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Rosemary plant care
The leaves are evergreen and aromatic, it has delicate blue flowers and is a useful culinary, medicinal and cosmetic plant.
It's equally at home in the shrub border or herb garden.
Here’s how to care for a new plant.
You can try a sample lesson to help you decide if the Herbal Academy of New England is the right choice for you - click the link below.Preview Lesson from the Introductory Herbal Course
You will probably have bought your rosemary plant in a pot.
When you select your plant, make sure it is healthy and there is good growth. Watch out for it being 'pot bound' which is indicated by roots growing out of the holes at the bottom of the plant. This might result in poor growth and roots getting broken when you take it out of the pot.
Select a sunny and well sheltered position – against a wall is good – but remember the rosemary shrub will grow to a substantial size – plant it at least 2 to 3 feet away from the wall,
Dig a hole just a bit bigger than the plant pot. To check it's the right size, dig the hole, then put the plant pot in to make sure you've moved enough soil.
Take the plant out of the pot and separate the roots. Take care when you do this – just knead the root ball in your hands and pull out the roots very gently – this way the roots get a good start into the surrounding soil.
If you fail to do this, you might find that the
roots will be too impacted to push out from the root ball - I'm sure
you've had plants that fail and when you remove them, the root ball is
still pretty much how it was when you planted it.
Fill the hole in the ground that you’ve made with water – the term is ‘puddle it’.
Put the rosemary plant in , spread the roots out and then cover with the soil you have removed.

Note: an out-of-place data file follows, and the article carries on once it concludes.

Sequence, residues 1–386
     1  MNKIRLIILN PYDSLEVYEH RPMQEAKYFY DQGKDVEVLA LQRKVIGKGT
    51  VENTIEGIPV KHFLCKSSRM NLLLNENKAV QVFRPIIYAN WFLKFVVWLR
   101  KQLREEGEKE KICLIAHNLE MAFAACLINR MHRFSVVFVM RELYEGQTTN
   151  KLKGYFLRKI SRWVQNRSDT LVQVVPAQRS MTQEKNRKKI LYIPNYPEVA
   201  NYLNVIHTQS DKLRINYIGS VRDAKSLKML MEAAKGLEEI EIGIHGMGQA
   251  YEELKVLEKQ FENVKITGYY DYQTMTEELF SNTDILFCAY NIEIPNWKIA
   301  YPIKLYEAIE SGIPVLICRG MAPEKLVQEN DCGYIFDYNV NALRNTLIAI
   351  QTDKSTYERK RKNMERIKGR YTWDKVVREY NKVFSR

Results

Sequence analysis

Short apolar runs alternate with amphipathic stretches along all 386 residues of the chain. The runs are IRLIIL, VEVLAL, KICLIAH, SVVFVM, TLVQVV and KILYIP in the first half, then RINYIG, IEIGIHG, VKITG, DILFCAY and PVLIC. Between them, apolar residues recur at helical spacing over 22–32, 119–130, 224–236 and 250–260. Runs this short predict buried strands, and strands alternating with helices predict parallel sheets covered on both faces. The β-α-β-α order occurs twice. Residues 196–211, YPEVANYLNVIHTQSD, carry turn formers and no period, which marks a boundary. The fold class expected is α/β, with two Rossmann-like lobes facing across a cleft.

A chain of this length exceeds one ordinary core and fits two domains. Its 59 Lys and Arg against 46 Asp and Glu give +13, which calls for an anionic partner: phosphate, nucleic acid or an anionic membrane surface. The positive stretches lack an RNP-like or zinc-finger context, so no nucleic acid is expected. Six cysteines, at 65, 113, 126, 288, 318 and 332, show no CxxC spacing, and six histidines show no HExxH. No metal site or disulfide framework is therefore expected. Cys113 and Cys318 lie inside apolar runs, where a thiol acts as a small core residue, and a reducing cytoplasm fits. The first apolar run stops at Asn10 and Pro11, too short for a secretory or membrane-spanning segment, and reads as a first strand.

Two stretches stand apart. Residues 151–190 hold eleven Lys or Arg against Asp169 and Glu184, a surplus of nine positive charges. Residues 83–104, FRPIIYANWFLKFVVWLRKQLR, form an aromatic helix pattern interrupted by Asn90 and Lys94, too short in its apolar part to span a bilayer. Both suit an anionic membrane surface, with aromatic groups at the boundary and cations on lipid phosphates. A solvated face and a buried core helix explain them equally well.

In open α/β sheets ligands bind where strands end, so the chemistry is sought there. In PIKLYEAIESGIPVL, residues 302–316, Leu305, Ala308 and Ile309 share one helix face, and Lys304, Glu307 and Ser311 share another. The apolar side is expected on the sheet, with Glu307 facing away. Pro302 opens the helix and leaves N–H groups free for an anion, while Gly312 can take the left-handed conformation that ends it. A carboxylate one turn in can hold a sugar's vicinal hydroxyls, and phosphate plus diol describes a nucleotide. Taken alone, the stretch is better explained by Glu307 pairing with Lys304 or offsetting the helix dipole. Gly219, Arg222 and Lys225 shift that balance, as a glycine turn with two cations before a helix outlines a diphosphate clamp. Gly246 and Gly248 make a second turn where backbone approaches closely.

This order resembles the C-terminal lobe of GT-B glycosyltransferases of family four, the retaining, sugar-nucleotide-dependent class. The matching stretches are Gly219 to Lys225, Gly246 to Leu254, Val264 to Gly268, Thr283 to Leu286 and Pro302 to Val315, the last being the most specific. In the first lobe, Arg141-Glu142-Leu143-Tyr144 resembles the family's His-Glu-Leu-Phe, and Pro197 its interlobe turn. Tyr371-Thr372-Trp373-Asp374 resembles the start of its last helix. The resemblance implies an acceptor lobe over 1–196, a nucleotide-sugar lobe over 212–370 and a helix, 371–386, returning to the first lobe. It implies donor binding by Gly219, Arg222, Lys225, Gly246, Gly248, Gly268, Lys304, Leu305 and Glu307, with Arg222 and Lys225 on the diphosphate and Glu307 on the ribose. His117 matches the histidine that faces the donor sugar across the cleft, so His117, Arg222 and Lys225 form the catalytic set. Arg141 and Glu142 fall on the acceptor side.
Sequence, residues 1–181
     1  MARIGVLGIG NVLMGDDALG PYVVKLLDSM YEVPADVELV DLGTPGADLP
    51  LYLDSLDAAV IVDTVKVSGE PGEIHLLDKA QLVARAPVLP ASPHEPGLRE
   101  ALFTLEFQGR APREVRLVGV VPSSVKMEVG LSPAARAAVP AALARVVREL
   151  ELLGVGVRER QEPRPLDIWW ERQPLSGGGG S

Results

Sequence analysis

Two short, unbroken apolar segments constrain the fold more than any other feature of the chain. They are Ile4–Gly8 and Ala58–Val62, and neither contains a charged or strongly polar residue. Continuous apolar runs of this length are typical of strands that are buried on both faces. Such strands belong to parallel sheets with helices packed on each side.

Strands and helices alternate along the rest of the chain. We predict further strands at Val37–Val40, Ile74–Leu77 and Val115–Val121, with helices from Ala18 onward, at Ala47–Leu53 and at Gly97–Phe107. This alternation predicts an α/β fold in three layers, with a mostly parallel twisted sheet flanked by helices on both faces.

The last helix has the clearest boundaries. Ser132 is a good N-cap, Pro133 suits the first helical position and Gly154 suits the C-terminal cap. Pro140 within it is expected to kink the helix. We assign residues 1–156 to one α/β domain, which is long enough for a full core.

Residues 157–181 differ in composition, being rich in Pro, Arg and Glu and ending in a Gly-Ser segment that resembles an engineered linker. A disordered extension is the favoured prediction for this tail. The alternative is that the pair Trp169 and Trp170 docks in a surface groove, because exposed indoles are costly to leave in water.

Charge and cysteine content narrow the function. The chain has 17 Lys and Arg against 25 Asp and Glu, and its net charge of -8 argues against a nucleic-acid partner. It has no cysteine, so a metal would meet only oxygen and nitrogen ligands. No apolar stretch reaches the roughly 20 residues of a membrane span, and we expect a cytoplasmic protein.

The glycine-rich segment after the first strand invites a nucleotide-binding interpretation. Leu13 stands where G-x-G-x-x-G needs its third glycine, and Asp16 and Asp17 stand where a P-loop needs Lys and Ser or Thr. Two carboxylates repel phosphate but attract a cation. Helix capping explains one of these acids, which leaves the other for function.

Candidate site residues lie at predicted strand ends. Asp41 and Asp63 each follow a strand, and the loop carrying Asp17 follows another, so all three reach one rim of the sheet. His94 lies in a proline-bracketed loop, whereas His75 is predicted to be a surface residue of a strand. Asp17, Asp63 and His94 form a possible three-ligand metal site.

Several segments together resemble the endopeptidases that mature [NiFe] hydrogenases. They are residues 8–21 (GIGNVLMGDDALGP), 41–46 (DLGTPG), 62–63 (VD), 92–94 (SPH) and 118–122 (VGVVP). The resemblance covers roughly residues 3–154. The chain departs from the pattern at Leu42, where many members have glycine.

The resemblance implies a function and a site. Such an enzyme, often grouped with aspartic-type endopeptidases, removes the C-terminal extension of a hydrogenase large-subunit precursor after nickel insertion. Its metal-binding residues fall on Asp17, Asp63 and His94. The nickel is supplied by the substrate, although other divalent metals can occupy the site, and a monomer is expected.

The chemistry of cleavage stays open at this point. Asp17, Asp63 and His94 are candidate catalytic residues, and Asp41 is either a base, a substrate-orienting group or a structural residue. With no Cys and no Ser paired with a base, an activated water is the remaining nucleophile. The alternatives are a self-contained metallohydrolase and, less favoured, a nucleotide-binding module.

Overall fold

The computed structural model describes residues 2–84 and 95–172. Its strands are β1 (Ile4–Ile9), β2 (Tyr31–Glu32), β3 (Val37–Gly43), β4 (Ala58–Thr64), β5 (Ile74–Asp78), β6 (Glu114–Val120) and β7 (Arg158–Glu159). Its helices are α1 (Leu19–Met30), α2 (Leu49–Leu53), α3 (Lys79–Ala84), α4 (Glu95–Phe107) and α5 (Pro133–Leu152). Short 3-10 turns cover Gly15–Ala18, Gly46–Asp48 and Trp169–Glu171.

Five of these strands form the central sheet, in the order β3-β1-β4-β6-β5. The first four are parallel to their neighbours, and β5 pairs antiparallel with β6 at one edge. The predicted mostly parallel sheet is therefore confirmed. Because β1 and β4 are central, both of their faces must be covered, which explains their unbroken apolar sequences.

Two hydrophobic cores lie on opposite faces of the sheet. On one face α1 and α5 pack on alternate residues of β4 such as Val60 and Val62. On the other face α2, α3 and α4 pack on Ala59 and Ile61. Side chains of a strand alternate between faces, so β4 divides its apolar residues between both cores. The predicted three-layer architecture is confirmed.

Firm down - that means push the soil down around the planting hole with your shoe or hands - take care here to firm down well - don't allow the roots to sit in an air pocket – keep pushing down until it’s firm – leave a small dip around the plant for watering.
Keep it well watered for its first season also keep it free of weeds.
You can use it during the first year - cut the sprigs as you need them keeping an eye on the shape – each time, take the sprigs from a different part so as not to make the bush lopsided.
It can grow quite large and needs cutting back to keep it in a neat, bushy shape.
Overwintering can be a problem in colder areas as it is a Mediterranean herb and so is inclined to be tender.
You can get round this by covering with horticultural fleece in the winter or take cuttings in late summer to protect against loss of the plant.
Take four inch sprigs and strip the leaves off the lower half - dip into hormone rooting powder and then put into compost. Leave alone for a few months and you will have fine new plants.
You can either give the surplus away or sell them - see the page growing herbs for profit for more details.
Rosemary does best in a lime soil, so if your soil is not suitable, then a few crushed eggs shells, some garden lime or powdered chalk should be worked into the soil around the planting hole.
Choose whichever lime addition is easiest for you.
Add some more in subsequent years if the leaves begin to go yellow.
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